The PA Turnpike/I-95 Interchange project faced numerous challenges, including collaborative coordination amongst a large team of stakeholders and designers as well as overcoming geometric and physical constraints over its decades-long process. The lengthy duration of the conceptualization and environmental study phases – that brought together eight regional transportation agency stakeholders and over 40 design consultants – added unique challenges, such as financial constraints and updated environmental and technological guidelines and standards.
But, despite the challenges, the project team overcame these circumstances, successfully opening Stage 1 – which included the first cashless tolling point in Pennsylvania at the gateway from New Jersey, a new eastern terminus of the Pennsylvania Turnpike’s toll collection system, and the construction of twin 14 and 15 span viaducts totaling more than one mile combined.
The team – for which Jacobs serves as Program Manager, overseeing all areas of design team coordination and design reviews, an extensive public involvement campaign and monitoring the program-wide environmental and permitting commitments – continues to work toward finalizing Stages 2 and 3 to complete the project, with a renewed sense of optimism following positive feedback from motorists and Pennsylvania Turnpike customers on the opening of Stage 1. Local communities too are already reaping the benefits of enhanced connections, safer and more efficient travel – and the economic development opportunities it’s bringing to allow this largely former industrial area to compete regionally and along the Atlantic coast.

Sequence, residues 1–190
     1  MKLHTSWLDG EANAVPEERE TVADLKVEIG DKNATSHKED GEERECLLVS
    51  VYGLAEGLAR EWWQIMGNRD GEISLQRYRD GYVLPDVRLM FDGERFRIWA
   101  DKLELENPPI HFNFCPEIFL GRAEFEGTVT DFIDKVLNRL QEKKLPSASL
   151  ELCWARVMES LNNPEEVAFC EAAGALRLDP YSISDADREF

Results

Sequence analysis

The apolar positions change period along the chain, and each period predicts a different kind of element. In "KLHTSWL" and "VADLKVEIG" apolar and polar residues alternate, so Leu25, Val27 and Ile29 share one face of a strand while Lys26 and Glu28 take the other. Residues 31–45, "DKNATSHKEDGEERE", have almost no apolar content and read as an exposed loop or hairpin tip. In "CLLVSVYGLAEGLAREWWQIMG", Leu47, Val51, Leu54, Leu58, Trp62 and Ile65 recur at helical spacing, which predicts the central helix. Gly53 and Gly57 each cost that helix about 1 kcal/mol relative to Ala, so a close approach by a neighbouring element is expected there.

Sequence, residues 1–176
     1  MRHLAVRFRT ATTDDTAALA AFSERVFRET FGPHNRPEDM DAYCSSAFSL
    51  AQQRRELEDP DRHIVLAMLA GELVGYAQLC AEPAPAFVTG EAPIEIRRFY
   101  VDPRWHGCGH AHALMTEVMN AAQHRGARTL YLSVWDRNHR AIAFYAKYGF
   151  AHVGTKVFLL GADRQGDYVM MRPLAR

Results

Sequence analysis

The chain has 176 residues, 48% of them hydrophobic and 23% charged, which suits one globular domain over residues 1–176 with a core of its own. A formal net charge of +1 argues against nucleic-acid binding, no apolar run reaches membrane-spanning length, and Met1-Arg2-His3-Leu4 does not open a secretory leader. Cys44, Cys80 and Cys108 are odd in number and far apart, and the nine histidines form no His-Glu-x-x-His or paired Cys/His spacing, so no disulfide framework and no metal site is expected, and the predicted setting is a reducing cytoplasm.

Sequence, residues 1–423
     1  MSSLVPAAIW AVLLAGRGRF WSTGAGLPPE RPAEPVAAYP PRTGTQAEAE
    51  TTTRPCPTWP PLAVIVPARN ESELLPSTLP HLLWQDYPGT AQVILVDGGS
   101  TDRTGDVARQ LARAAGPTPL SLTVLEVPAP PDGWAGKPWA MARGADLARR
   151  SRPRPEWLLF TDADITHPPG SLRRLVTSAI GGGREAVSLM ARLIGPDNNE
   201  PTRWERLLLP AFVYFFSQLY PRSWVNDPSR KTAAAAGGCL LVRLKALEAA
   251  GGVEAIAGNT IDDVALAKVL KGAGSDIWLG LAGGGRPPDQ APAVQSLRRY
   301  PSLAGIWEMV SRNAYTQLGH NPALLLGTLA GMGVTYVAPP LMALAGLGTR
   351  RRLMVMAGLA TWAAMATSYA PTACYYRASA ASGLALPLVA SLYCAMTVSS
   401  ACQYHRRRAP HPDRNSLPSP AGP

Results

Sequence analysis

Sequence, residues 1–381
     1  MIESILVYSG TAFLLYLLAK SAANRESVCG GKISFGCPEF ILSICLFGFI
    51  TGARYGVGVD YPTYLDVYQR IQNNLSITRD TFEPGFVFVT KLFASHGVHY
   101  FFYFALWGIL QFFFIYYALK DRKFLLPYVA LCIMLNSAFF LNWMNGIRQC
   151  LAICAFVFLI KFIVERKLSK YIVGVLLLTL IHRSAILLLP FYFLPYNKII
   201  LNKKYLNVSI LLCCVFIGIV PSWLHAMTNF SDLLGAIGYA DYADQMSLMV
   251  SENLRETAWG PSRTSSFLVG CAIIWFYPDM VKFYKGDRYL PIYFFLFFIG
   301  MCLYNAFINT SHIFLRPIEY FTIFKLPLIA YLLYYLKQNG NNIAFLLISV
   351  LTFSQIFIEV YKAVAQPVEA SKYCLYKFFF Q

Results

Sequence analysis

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The PA Turnpike is proud to have led the efforts to complete Stage 1 of this challenging program which completes I-95 and the originally legislated U.S. Interstate Highway network. The talented group of professionals involved, including our state and federal partners, who worked together as a true team, were creative and dedicated, all while exhibiting sensitivity to the surrounding environment and communities.